either the DSP or the M16C.

    Just have the clock as a continuous clock, from an oscillator source
    or buffered or subdivision of another clock. Basically just make sure
    it is a continuous clock.

    I would not even bother using the M16C to directly drive the LCD as your
    refresh rate will be abissmally slow, and you may have problems viewing the
    image (image fade).
    Actually it is more akin to the combination of V Sync, H Sync and
    BLANKING. Having had to create interfaces to many different LCDS for
    real time video display at 50Hz.
    Badly worded....

    You know 800 ACTIVE pixels per line
    600 ACTIVE lines per frame

    You should know your refresh rate (target at least), some of which is
    determined by the TFTs data spec on response time and persistence for a
    pixel.

    The data sheets normally give some figures for min and max TOTAL pixels
    per line, and min and max TOTAL lines per frame, if not they will specify
    these items as blanking intervals.

    From these you can work out your timings

    Pixels per line TOTAL = H blanking interval + Active pixels
    = H blanking interval + 800

    Lines per frame TOTAL = V blanking interval + Active Lines
    = V blanking interval + 600

    The MOST important thing about these types of interfaces is that once you have
    established the timing regime make sure that it is rigid, so from one frame to
    the next there is EXACTLY the same number of pixel clocks for the inactive
    periods. Even one clock cycle extra/less between two consecutive frames can
    cause some interesting effects on the image as the vertical then horizontal
    timing is decoded internally from the enable signal. That is the voice of
    experience from a video point of view, on the same interface setup from
    the saem manufacturer.
    If you have a continuous clock there is no problem.
     
  7. Unfortunately for this type of display if that update was done once a minute
    it would be fine, multiple times a second and it screws up the LCD timing.
    These enable signal which is actually a combined H and V Sync and Blanking
    signal are then decoded to give internal H and V drives, so even one pixel
    difference on a line or frame causes jitter of the image. Do that sort of
    interuption too often and you will notice it.
     
  8. Josh Lowe

    Josh Lowe Guest

    Thanks to all for your replies - the project is an enhancer for the
    visually impaired, comprising an image source, DSP + possibly a micro,
    and the LCD - it will enhance a video stream to make reading and the
    like easier for those with general sight problems and also who have
    difficulties with low-contrast colour combinations... thus the display
    will essentially be showing a video stream, and potentially a rough
    menu of some sort.

    The total area including the blanking intervals would be 860*615).
    Since 860*615=528600 NCLK/frame, using a 16MHz micro would probably
    only allow an 8 or 4Mhz NCLK to be generated, giving ~15 or 7.5 fps,
    respectively. I'm happy enough with that admittedly abysmal frame rate
    (the project is just a proof-of-concept and we're somewhat limited in
    terms of available hardware and budget), but if a low NCLK (period of
    ~125-250nS) is going to cause damage to the LCD, I'll have to find an
    alternate way. The alternative would probably involve using some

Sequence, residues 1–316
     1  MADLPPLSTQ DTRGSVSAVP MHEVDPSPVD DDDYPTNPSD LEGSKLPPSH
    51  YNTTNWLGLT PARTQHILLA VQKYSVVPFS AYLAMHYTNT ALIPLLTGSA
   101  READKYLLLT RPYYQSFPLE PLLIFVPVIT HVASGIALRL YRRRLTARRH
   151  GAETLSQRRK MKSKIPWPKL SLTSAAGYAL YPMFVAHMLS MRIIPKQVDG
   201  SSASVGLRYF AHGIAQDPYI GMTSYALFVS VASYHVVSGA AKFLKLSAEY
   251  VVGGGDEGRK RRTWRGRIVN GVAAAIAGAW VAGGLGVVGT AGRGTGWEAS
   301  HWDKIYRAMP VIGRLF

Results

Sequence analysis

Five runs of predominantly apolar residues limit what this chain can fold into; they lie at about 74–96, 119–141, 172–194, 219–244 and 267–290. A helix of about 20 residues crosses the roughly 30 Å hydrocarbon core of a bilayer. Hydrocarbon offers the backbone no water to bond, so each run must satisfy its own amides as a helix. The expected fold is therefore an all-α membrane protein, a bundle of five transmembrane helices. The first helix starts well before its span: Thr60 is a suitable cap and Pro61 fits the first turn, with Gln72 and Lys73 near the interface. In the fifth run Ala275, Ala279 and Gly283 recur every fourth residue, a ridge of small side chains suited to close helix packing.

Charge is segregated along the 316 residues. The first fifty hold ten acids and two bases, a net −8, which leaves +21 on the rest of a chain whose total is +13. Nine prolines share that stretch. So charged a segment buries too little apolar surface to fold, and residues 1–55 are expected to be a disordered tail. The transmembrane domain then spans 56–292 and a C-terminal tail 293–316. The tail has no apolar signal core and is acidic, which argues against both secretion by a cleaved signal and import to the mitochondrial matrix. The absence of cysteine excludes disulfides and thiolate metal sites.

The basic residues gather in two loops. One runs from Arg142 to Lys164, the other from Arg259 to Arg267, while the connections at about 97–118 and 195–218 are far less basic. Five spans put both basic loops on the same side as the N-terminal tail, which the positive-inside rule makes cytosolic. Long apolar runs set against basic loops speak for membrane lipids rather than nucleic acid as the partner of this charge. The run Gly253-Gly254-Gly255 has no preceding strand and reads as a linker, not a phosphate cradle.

programmable logic as a line buffer tied to the memory bus of the DSP.
    As I said before, the DSP approach appeals to me in terms of elegance,
    but if the M16C can be used at all, that is likely to be the
    preference...

    As far as the clock source goes, it would be derived from a clock
    output on the chip (either a divided-down version of the system clock
    or an output from a timer set up for this task), so it would be
    continuous. Ultimately

    BTW Wolf - good to see the travel plans :)
     
  9. And where down under might you be visiting?
     
  10. On 6 Apr, in article
    <>
    Then you will meet some interesting challenges for your project.
    'Line buffer', I would simply use a frame buffer with dedicated hardware
    control that can fit in a small FPGA/CPLD to control the frame buffer.
    Even possibly using a double frame buffer if your update rates are
    slower than refresh rate of the LCD. This is not a costly thing to do
    and with Video RAM devices or similar could be quite small in board area.
    That way you can have your continuous clock from power up.
    If you use the M16C, it will probabbly for setup/control/menu OSD control
    whilst the DSP is doing the grunt work of video processing. Last bit of
    real time enhancement onto LCDs I did recently had dedicated hardware and
    CPLDs controlling video in through to LCD, the onboard micro dealt with
    setup, mode changes, backlights and user interaction.
    If the software hangs or you are debugging the startup and have the LCD
    connected, you could end up with the clock not running for a period of time.
     
  11. Josh Lowe

    Josh Lowe Guest

    Thanks for the electrolysis explanation guys. Makes that operating
    danger somewhat clearer. Paul - I'm going to see whether we have any
    decent FPGA EVB's around which I can play with - it look as though
    setting up an external controller would be brighter (and ultimately
    easier from the DSP/M16C side of things).

    Given that the memory interface for the DSP can interface to async
    memory devices as well as SDRAM, I guess the operating frequency of
    the programmable logic is not likely to be a problem.
     
  12. On 7 Apr, in article
    <>
    One book you may find useful on video, filtering and digital design
    (if you can find it) is Video Demystified by Kieth Jack of Brooktree
    ISBN 1-878707-09-4, which covers digital decoding and encoding including
    genlocking of video.

    This should at least help you with understanding of colour video
    standards and conversions, interlace to non-interlace conversion.